He was born Stuart Goddard, but '80s fans all over the world know him as Adam Ant: the nattily-dressed New Romantic with facepaint accenting those killer cheek bones and a treasure chest brimming with raucous pop-rock melodies. As the frontman of Adam and The Ants, he took his native England by storm in the early '80s before training his eye on America, breaking through with the help of some flashy videos on the fledgling MTV.
In the 2010s, the clarion call of Antmusic grew louder and louder with the release of a studio album in 2013 - his first in nearly two decades - and a constant balance of touring that endears him to thousands of fans young and old on both sides of the Atlantic. Today, we stand and deliver you 10 of Adam's biggest hits.
"Dog Eat Dog" (1980)
Adam Ant started the '80s in a tough spot: his debut album with Adam and The Ants, 1979's Dirk Wears White Sox, was only a modest success, and punk rock impresario Malcolm McLaren ended up stealing his backing band to form Bow Wow Wow. Undeterred, he started a new version of the band with guitarist Marco Pirroni and an ensemble that included two drummers inspired by the percussionists of the African republic of Burundi. This rhythmic onslaught, combined with a memorable performance on England's Top of the Pops, earned Adam and The Ants a Top 10 hit.
The secret to The Ants' early success was treating their fans like a secret club - people whose support was recognized and celebrated. Thus, their second single, an open celebration of the Ants ethos, outpaced its predecessor, climbing to No. 2 in England. (It was held off by John Lennon's "Imagine," reissued in the wake of his murder.)
"Kings of the Wild Frontier" (1980)
As Antmusic burned even brighter in England, it took the title track of The Ants' 1980 sophomore album up the charts to No. 2 after initially missing the Top 40 on its first run. "We'd written the music as a soundtrack to the visuals – very Eighties," guitarist Pirroni recalled to Mojo in 2007. "I was trying to get everything I liked into that record. And it worked."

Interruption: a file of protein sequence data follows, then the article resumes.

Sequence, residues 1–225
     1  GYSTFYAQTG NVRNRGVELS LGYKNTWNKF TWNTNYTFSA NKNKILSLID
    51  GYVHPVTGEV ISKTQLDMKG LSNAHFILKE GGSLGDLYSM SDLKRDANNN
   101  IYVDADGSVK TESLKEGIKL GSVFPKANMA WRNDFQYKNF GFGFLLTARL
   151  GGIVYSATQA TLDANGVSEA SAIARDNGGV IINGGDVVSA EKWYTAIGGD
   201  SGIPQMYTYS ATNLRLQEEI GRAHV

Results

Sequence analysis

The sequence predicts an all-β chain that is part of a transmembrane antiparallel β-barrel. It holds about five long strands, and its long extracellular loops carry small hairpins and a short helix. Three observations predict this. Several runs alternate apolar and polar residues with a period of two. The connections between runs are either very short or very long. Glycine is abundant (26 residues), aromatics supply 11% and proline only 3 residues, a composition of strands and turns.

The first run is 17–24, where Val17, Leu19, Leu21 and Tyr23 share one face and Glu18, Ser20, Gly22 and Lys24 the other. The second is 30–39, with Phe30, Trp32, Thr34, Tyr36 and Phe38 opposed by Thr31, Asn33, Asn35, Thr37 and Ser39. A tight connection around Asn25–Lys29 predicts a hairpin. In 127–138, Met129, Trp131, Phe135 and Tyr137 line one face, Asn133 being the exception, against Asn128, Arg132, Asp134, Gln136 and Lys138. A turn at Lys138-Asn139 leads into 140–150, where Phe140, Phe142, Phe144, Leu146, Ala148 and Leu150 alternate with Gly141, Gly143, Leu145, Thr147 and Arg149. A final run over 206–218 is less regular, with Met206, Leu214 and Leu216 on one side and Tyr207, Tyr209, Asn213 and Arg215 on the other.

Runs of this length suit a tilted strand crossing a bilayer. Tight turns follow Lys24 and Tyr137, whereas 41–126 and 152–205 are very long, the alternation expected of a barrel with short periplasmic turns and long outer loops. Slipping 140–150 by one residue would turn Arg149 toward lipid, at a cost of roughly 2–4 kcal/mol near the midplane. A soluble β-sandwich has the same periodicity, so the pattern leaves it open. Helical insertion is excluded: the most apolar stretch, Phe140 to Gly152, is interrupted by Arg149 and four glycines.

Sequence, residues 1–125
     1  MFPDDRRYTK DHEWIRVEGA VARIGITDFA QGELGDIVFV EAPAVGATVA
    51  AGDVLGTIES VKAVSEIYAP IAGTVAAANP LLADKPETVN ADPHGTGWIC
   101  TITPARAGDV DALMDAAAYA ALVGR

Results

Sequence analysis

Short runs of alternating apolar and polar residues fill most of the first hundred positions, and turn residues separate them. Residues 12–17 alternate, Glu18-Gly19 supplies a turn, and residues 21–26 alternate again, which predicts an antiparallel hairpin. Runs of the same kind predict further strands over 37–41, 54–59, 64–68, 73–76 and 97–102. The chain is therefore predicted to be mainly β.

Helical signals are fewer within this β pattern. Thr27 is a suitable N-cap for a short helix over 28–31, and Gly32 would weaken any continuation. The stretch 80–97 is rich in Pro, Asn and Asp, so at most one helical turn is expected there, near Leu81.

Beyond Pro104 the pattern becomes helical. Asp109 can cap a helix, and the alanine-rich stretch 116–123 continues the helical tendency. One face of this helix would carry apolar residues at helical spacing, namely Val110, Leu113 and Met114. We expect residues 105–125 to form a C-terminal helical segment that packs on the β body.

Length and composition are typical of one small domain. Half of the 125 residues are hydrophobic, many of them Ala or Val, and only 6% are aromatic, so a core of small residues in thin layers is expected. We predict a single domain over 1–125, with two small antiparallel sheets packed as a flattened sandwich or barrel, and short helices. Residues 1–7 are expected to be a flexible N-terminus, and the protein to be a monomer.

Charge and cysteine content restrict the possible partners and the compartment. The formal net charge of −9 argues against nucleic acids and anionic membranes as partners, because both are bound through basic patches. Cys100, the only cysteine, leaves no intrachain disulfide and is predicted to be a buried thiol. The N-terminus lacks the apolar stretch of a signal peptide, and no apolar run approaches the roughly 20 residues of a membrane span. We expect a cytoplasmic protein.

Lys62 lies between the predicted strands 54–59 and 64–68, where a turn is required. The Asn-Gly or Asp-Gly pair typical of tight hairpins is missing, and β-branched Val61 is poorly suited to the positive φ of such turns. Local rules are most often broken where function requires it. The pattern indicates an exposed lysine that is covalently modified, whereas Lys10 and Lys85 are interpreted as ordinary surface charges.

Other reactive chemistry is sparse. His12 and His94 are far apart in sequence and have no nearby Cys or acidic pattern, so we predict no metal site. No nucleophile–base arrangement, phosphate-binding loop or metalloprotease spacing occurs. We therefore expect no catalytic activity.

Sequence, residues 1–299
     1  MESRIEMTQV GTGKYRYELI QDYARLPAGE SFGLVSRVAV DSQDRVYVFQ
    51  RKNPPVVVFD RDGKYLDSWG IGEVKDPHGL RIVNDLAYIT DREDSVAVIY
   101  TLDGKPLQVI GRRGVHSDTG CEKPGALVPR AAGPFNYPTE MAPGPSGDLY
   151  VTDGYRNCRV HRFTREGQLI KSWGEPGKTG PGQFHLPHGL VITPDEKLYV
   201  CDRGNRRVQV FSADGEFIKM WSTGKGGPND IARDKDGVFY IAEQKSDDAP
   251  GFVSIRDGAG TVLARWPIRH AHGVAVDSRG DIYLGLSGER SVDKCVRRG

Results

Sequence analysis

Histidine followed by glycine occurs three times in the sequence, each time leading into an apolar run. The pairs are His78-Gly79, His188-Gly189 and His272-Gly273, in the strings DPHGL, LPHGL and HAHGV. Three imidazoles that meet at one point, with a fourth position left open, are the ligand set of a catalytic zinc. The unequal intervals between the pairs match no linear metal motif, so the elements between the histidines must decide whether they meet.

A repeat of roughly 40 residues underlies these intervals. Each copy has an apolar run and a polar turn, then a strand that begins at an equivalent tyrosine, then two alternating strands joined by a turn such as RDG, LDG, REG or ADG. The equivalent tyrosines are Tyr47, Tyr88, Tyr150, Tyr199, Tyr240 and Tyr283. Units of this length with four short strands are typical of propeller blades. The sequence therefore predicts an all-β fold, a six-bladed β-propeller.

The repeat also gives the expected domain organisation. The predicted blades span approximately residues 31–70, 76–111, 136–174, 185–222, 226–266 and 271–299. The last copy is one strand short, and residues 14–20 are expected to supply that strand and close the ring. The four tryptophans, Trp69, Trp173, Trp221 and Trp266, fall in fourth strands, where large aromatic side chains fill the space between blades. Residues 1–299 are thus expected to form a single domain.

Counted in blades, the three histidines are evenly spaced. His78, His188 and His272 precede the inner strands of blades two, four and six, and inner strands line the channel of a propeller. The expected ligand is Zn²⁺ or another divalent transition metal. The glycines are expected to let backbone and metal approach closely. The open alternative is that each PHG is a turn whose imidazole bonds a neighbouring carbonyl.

"Stand and Deliver" (1981)
With an updated look for 1981 - trading British military jackets for French-inspired highwaymen costumes - Adam and The Ants took no prisoners with "Stand and Deliver." The track debuted on top of the charts in England and became a cult hit elsewhere; Sugar Ray and No Doubt covered it in the ensuing decades.
"Prince Charming" (1981)
Driven by a woozy rhythm and a hypnotic acoustic riff, the title track to Adam and The Ants' third album Prince Charming followed "Stand and Deliver" to No. 1 in the U.K. charts. The lavish video, featuring Adam as a gender-swapped Cinderella of sorts, was a favorite on early music video programs.
"Ant Rap" (1981)
Deemed "the weirdest of the weird" British pop hits by The Guardian in 2007, "Ant Rap" (a No. 3 U.K. hit) is notable for being an early, prototypical example of hip-hop making its way into the local charts.
"Goody Two Shoes" (1982)
Adam suddenly split up The Ants in the spring of 1982; from now on he would march solo, retaining Marco Pirroni as his songwriting partner. "Goody Two Shoes" was the lead single from his first proper solo album Friend or Foe and not only became another U.K. No. 1, but gave Adam his first hit in America as well.
"Puss 'N Boots" (1983)
For his next solo act, 1983's Strip, Adam fused his distinctive rock sound to a more pop-leaning framework. Phil Collins even got involved, lending his distinctive drums to "Puss 'N Boots" and the title track - and Adam got another U.K. Top 10 for his trouble.
"Apollo 9" (1985)
1985's Vive Le Rock was marked by a lot of hardship for Adam: his set at Live Aid was cut down to one song when acts started running over their allotted time, and poor promotion meant this was his first album in years to not have a Top 10 single. But the space-age aesthetic of "Apollo 9" and bright production by David Bowie collaborator Tony Visconti deserves a second look.
"Room At the Top" (1990)
After taking several years off from recording to get into acting, Adam returned to the scene in 1990 with Manners and Physique, co-produced by Minneapolis bassist André Cymone (Prince's childhood friend and first band member). The stomping dance-pop of "Room At the Top" brought Ant back to the Top 20 around the world, setting the scene for a new chapter of his ongoing musical career.